HyperParasite review (PS4)

HyperParasite, developed and published by Troglobytes Games, is out now for PlayStation 4, Xbox One, Nintendo Switch and PC. An indie rogue-lite with an addictive hook and a retro vibe, we played it on a PS4.

The premise of HyperParasite sounds a bit like it could be the plot for a cheesy 80s sci-fi movie – an alien parasite ends up on earth, and is able to overtake the organism it attaches to. In true Invasion of the Body Snatchers style, it can control the organism that it attaches to, which includes access to special attacks that are different for each character. In this scenario, you’re actually the alien parasite.

By yourself, you’re pretty harmless and earth’s defenders (the president has alerted everyone to your presence and wants you taken out) can easily take you out. Once in a host body, however, you become as strong as that character and also ‘borrow’ his weapons to defend yourself with. Run out of health and you’re not dead, but you return to your vulnerable parasite form and need to quickly find another host or risk your run ending.

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Death forces you to start back at the beginning, but you keep access to the character types you’ve unlocked. You see, when you first play you can only latch on to one specific character type – and all the others have to be unlocked gradually by picking up their brains (if they’re dropped, which doesn’t happen often) and by unlocking them in the in-game store. This means that the first time you play you’ll end up in rooms where you have no enemies that you can actually take over, but in later playthroughs you can freely switch between bodies as you please. Obviously, this makes things easier, but it takes a few tries (and deaths) before you get to that point.

A wide range of characters is available, and there is a good amount of diversity on the roster. Depending on what you have unlocked and what’s available in a particular level/room, you can switch between melee or ranged characters, ones with a lot of firepower or speedy characters, and so on. Unlocking more characters to leech onto doesn’t just make your chances of survival greater, it also makes the gameplay more diverse and fun.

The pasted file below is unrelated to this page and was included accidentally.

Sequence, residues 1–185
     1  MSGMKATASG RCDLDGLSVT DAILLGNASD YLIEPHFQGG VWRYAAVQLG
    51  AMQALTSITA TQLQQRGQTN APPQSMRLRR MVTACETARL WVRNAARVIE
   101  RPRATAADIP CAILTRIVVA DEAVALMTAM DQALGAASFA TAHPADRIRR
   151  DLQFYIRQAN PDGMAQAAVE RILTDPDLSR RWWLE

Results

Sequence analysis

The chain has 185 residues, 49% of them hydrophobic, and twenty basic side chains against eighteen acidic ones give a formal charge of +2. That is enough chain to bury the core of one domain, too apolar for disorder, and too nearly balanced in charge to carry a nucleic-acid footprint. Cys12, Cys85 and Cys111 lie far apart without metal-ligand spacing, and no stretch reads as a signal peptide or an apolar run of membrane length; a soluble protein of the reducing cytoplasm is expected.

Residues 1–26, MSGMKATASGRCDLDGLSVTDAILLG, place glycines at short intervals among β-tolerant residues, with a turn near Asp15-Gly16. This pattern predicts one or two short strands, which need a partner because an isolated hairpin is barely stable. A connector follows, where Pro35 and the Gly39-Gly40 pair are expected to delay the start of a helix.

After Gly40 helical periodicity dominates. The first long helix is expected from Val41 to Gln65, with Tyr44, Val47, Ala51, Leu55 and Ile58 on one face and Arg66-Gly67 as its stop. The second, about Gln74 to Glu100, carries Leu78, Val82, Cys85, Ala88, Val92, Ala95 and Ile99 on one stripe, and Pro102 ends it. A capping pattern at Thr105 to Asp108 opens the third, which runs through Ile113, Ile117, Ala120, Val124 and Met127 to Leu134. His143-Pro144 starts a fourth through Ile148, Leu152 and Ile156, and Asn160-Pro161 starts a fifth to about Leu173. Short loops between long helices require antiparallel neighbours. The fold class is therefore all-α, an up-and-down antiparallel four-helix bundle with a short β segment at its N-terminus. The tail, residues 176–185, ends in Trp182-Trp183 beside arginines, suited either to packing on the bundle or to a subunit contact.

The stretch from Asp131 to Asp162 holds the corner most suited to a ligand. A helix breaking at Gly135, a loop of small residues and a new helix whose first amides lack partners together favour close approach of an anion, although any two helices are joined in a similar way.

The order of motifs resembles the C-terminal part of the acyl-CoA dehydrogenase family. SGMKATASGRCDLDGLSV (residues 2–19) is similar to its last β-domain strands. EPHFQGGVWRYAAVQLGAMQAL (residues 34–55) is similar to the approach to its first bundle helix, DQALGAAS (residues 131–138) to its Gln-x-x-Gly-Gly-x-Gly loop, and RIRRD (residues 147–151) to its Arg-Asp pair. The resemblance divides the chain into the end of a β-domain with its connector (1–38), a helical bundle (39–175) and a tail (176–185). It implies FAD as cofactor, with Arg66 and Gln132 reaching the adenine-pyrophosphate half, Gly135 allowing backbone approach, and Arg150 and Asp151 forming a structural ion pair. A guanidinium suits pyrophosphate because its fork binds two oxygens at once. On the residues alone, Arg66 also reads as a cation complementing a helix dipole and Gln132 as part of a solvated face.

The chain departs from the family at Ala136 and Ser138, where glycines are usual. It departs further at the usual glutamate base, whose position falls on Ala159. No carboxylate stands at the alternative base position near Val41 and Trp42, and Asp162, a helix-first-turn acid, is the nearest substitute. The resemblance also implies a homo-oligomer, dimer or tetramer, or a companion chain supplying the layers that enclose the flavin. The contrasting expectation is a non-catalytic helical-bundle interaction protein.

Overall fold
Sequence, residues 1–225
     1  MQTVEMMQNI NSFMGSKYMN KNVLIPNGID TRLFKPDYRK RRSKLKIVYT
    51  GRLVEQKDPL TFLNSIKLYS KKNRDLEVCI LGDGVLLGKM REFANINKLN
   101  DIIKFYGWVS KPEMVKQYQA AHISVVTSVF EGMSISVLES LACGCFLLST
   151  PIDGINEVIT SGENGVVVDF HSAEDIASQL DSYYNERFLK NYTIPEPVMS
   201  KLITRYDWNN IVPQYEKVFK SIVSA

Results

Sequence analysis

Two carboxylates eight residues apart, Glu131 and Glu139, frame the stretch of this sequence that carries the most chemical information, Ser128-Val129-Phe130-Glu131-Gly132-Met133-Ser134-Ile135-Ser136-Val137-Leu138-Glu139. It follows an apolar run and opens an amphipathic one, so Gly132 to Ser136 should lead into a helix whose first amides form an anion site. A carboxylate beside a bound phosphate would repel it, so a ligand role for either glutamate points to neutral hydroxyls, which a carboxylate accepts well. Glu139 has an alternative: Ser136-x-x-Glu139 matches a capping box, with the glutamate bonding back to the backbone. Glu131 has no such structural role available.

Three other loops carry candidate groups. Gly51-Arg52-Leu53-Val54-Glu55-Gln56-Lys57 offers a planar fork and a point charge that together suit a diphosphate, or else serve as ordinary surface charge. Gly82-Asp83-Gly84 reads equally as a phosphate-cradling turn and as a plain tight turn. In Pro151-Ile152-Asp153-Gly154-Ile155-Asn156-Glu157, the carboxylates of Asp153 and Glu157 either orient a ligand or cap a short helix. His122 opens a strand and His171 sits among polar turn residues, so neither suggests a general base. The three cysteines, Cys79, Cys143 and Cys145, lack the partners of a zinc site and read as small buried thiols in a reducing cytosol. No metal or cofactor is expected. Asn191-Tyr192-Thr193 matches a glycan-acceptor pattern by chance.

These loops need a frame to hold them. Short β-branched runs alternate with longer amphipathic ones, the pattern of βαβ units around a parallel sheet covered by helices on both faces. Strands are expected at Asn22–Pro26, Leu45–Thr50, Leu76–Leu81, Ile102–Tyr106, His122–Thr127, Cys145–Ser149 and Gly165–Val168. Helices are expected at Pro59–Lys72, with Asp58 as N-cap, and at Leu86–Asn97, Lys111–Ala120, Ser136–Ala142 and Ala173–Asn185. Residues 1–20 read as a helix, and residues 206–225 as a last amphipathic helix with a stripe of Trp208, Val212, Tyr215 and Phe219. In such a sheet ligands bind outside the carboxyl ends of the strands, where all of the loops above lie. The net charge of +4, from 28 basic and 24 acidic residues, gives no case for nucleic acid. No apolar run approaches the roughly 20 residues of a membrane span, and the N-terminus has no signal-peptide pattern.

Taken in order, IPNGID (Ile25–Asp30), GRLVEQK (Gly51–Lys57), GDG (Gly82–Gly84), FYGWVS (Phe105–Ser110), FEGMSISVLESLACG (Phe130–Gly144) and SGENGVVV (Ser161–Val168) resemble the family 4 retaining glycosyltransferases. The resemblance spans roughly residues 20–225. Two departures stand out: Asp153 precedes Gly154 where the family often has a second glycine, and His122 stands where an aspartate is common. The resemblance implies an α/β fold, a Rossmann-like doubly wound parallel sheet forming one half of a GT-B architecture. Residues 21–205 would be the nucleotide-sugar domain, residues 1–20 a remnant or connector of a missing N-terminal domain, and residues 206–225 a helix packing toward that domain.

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HyperParasite can be frustrating at first though, as its learning curve is incredibly steep in the beginning (when you only have access to one character type) and gets more manageable over time. It’s a game you need to stick with in order to get fun out of it, so it’s not something you can casually pick up and play for a few rounds. You’ll also initially have some difficult choices to make, as you need to spend your limited funds on either the ability to unlock new characters or stay in the game longer by giving you temporary boosts for the character(s) you already have. It’s tempting to do the latter, but it’s often a short term gain and a long term loss.

Once you hit a sweet spot where enough characters are available to you, HyperParasite becomes a lot of fun to play, with excellent controls and solid twin stick shooter gameplay that at times reminded me of arcade classics like Smash TV, a 1990 classic. Once you have enough options to give yourself a shot to keep going after your host dies, HyperParasite becomes an addictive experience that’s easy to come back to – just enough to get past that next tricky boss fight. It’s that point where you’ll go back to considering those temporary boosts again – so you can arm yourself to the teeth and take out that boss. After you do, the cycle of unlocking begins again, and before you know it you’ve poured ten hours into the thing. That can’t be a bad sign.

Score: 8.0/10

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